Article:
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Nephesh : for string octet or nonet

by Paul Stanhope (2015)



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Nephesh : for string octet or nonet / Paul Stanhope.

Library shelf no. 785.718/STA 1 [Available for loan]

Work Overview

Nephesh - written for eight or nine string instruments - explores notions of duality, seen most obviously in the splitting of the ensemble into two traditional string quartets in mirror form with the bass acting as a lynchpin. The piece is also split into two movements, outlining a classic Cartesian dualism suggesting soul and body, entitled here "Prayer" and "Dance".

I imagined this Prayer as a physical act, full of sobbing laments, pleas and cries of exaltation. The material for the opening utterances of the piece is derived from Sephardic Chant: that is Jewish liturgical music from a Babylonian tradition. This ancient, beautiful song is heard first in a cello solo with echoes from the violas. A series of rhapsodic interludes are constructed between utterances of the chant. At times soft and sombre, the music builds into an expressive, song-like peak before dissolving once more into more gentle chanting phrases.

The second movement - Dance - is built around jaunty leaps and ping-pong like exchanges of material from one quartet to another. The material first heard as pizzicatos at the beginning is drawn from a selection of pitches from the chant in the first movement, riffing off the major/minor third dichotomy found in the chant heard at the very beginning of the piece. The material is transformed into blues-inflected riffs, ostinatos and numerically-based rhythmic patterns, tossed between the two quartets in a more overt way than in the first movement. After a series of episodes, including a section based around the percussive sounds of the strings, a darker reverie slowly builds toward a feverishly exuberant climax, returning the material back to the original tonal centre of E.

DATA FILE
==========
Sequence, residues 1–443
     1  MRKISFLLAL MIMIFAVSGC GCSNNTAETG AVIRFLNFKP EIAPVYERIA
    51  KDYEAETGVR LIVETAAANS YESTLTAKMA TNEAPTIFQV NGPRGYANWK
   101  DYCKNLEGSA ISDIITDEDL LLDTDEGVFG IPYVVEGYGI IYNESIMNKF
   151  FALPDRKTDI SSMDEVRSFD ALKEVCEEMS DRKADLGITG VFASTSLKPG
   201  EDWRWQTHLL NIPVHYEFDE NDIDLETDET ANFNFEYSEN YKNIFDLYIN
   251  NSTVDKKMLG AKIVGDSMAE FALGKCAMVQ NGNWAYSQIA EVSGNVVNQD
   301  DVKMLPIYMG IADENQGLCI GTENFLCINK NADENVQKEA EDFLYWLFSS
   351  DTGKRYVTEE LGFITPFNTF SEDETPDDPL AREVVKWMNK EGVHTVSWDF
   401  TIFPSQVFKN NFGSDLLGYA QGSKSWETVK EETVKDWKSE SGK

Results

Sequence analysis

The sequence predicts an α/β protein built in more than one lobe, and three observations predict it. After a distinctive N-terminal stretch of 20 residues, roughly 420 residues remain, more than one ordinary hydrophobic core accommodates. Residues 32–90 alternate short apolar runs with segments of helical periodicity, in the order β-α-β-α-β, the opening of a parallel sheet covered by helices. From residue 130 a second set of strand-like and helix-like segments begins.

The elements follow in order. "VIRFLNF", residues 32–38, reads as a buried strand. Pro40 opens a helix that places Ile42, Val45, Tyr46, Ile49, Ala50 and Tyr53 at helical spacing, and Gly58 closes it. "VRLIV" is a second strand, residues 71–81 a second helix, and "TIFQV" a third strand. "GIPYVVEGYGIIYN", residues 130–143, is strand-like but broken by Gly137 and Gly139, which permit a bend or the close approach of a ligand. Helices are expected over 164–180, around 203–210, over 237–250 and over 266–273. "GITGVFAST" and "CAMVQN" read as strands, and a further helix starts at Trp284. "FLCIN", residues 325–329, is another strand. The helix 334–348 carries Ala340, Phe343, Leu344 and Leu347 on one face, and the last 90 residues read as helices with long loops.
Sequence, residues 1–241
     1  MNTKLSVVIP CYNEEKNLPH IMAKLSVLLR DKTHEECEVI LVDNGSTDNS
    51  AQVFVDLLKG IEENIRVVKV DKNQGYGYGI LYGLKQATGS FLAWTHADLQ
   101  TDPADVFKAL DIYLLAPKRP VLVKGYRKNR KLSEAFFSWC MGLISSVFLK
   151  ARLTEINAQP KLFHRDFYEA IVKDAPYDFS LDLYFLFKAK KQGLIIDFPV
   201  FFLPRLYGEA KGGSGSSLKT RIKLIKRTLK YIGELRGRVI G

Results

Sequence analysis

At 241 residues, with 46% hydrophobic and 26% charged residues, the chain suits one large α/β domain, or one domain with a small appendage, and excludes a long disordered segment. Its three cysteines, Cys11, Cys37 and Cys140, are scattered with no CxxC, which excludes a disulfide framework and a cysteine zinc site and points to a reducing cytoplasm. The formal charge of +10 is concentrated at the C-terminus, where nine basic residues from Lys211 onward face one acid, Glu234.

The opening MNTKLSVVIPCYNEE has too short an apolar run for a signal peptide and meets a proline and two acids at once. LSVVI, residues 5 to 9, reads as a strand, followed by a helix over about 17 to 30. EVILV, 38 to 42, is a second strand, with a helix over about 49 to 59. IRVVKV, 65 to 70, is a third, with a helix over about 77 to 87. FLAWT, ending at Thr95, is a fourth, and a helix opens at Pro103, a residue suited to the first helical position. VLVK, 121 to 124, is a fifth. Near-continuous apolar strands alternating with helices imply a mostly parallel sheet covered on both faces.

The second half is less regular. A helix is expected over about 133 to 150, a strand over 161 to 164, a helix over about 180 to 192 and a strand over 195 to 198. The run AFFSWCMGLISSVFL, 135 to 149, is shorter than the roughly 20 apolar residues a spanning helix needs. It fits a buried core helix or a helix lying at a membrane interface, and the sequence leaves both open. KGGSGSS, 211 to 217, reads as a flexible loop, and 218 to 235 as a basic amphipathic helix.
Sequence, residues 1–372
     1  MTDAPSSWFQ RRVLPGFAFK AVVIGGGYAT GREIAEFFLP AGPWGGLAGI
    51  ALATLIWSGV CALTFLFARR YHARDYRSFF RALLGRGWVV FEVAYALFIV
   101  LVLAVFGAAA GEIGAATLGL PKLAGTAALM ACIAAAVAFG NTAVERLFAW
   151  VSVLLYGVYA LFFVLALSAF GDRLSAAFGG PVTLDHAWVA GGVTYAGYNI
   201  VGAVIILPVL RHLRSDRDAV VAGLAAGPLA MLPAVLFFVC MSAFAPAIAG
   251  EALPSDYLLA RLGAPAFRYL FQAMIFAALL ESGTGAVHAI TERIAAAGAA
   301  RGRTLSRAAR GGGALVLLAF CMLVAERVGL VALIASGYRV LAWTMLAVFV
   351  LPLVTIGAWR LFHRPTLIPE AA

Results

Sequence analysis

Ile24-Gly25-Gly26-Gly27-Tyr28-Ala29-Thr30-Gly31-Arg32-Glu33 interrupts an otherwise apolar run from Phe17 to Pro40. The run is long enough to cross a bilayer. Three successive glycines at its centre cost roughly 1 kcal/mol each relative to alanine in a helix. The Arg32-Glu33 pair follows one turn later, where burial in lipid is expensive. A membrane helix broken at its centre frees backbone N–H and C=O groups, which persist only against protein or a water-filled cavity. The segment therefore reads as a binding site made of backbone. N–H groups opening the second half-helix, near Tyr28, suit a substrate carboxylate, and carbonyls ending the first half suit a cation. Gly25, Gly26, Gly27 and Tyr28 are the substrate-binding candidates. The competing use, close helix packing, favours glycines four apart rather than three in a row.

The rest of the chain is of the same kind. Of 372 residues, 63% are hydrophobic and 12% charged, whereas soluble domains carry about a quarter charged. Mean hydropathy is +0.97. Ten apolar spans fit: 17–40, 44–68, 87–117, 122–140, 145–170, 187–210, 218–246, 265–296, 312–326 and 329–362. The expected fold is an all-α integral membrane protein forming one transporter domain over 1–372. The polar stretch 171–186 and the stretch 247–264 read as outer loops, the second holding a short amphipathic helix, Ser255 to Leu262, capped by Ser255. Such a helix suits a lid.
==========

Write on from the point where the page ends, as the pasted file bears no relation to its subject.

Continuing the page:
The title "Nephesh" is an ancient Hebrew liturgical word used to denote not only the soul, but also the whole of the self, including the body. Much older than the duality expressed by Rene Descartes, this concept unifies ideas of body and soul as a single entity.

Work Details

Year: 2015

Instrumentation: 4 violins, 2 violas, 2 cellos, 1 double bass (optional).

Duration: 13 min.

Difficulty: Advanced — Needs professional level string players or advanced tertiary students

Contents note: 1. Prayer -- 2. Dance.

Commission note: Commissioned by Melbourne Chamber Orchestra with funds provided by Robert Salzer Foundation, Australia Council. Music Board.. Commissioned by Melbourne Chamber Orchestra with funds provided by Australia Council. Music Board, Robert Salzer Foundation.

First performance: by Melbourne Chamber Orchestra — 9 Sep 15. Wesley Performing Arts Centre, Horsham, Vic


Resonate article: Paul Stanhope at Townsville - a report from AFCM by Malcolm Gillies


Nephesh (2nd movt), by Paul Stanhope

Performances of this work

12 Mar 2020: at CSO: Love, Kindness, Decency (National Portrait Gallery). Featuring CSO Chamber Orchestra, Kirsten Williams.

31 Jul 2016: at Prayer and Dance (Mary MacKillop Church, Mundingburra ). Featuring Goldner String Quartet, Tinalley String Quartet, Kirsty McCahon.

9 Sep 15: Wesley Performing Arts Centre, Horsham, Vic. Featuring Melbourne Chamber Orchestra.

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